Data on the composition and structure of the vaginal microbiome in women with genital Chlamydia trachomatis published in The Journal of Infectious Diseases revealed that Lactobacillus iners– dominated communities were most common post-treatment.

Investigators recruited a cohort of 149 women with C trachomatis at baseline who were followed quarterly for 9 months following antibiotic treatment. Most patients were African American (86%), and the ages ranged from 13 to 33 years. Participants provided a total of 141 microbiome samples at the baseline visit. The women were then treated with a 1-g single dose of azithromycin and additional samples were collected at 3-, 6- and 9-months post-treatment.

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Seventeen participants tested positive for C trachomatis at 3 months post-treatment follow-up, 12 patients tested positive at 6 months, and 14 were positive at 9 months. At the time of diagnosis, vaginal microbiota was dominated by L iners or a diverse array of bacteria associated with bacterial vaginosis including Gardnerella vaginalis, Atopobium vaginae, or Mobiluncus curtisii. Posttreatment, researchers found that vaginal microbiota commonly showed a relative abundance of L iners communities, which according to investigators, is consistent with the observed relative resistance of L iners to the highest concentrations of azithromycin.

It is important to note that the inclusion criteria focused on women with C trachomatis at baseline, and therefore it is not possible to determine whether overrepresented bacterial phylotypes or community state types at visit 1 were present before infection. Investigators were also unable to distinguish between C trachomatis clearance or antibiotic treatment as the causal determinant in microbiota composition. They further cautioned that, “studies of the vaginal microbiota during prevalent [C trachomatis] infection do not resolve whether the observed microbiota is causal to the increased risk of [C trachomatis] infection, or if it is a consequence of [such] infection.”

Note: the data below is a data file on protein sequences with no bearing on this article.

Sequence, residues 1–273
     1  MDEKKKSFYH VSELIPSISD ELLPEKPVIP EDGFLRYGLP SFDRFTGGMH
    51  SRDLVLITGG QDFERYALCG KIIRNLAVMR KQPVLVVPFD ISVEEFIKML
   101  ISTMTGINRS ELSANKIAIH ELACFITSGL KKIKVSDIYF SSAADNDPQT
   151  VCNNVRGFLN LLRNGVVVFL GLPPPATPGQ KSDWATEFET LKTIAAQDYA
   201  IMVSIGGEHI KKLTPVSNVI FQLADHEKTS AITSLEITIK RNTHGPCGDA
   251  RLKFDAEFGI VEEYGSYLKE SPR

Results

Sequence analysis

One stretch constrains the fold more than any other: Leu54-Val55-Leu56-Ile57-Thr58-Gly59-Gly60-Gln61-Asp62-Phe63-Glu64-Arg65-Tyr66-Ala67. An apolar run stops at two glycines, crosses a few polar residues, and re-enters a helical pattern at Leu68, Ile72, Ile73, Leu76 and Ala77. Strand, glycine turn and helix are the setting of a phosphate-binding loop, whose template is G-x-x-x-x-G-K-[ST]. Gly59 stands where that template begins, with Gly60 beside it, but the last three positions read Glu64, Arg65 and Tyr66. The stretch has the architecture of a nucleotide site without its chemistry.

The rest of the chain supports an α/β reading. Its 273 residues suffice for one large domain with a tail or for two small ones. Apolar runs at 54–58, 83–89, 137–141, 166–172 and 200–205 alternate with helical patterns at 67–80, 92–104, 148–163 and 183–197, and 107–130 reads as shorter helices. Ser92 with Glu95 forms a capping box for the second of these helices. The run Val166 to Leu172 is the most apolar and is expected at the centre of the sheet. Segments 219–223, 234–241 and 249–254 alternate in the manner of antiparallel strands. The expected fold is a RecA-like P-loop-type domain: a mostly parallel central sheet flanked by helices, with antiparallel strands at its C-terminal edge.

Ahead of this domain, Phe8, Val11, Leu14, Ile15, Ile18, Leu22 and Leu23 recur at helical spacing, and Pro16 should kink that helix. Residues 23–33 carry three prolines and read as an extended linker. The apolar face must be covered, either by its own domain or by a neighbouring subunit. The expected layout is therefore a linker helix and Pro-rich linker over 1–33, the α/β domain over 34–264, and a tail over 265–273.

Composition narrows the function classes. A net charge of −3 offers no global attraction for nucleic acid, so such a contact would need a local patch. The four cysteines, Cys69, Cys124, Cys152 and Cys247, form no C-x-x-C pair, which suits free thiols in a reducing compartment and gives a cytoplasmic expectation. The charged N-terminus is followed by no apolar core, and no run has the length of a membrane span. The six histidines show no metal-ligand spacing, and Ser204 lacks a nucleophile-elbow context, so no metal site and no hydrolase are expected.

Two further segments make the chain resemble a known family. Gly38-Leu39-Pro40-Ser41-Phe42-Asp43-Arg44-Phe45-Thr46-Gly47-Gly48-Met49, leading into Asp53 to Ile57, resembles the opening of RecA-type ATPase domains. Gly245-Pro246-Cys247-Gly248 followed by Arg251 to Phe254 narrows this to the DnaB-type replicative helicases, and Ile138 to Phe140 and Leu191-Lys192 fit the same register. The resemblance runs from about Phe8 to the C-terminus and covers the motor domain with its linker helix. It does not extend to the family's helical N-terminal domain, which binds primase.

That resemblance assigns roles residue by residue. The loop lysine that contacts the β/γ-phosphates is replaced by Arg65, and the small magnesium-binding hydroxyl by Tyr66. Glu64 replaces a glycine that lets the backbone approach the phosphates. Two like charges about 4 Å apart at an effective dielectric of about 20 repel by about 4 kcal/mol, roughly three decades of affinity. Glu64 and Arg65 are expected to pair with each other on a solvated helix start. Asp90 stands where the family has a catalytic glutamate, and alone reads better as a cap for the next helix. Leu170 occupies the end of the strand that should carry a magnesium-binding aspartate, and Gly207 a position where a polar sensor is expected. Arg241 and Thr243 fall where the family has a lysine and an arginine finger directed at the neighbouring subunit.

The study also lacked sufficient power to detect statistically significant effects of reinfection at visit 3 and 4. Further, the control group recruited was exclusively comprised of healthy African American women and girls, while the study cohort was not; therefore, investigators could not exclude differences as a result of confounding characteristics.

The results of the study confirmed the association between C trachomatis infection and non-Lactobacillus species of microbiota, as well as that microbiota is commonly dominated by L iners. In addition, high-risk infection may be maintained in part by antibiotic treatment. According to investigators, “our results stress the importance of taking into account the potential perturbing effects of antibiotic treatment on the vaginal microbiota, whether it is for the treatment of [C trachomatis] infections or other indications.” Investigators also highlighted an urgent need for studies of the effect of antibiotic therapy on the composition of the vaginal microbiota, which could aid in the development of strategies to protect and restore optimal vaginal microbiota.

Reference

Tamarelle J, Ma B, Gajer P, et al. Nonoptimal vaginal microbiota after azithromycin treatment for Chlamydia trachomatis infection [published online October 1, 2019]. J Infect Dis. doi:10.1093/infdis/jiz499

This article originally appeared on Infectious Disease Advisor